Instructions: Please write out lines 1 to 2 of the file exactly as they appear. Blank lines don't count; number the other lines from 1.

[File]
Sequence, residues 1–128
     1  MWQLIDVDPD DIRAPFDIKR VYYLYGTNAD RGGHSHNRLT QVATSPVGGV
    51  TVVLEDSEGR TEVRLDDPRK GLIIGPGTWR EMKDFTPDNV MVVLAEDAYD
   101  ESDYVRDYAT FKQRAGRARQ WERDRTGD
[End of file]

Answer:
Sequence, residues 1–128
     1  MWQLIDVDPD DIRAPFDIKR VYYLYGTNAD RGGHSHNRLT QVATSPVGGV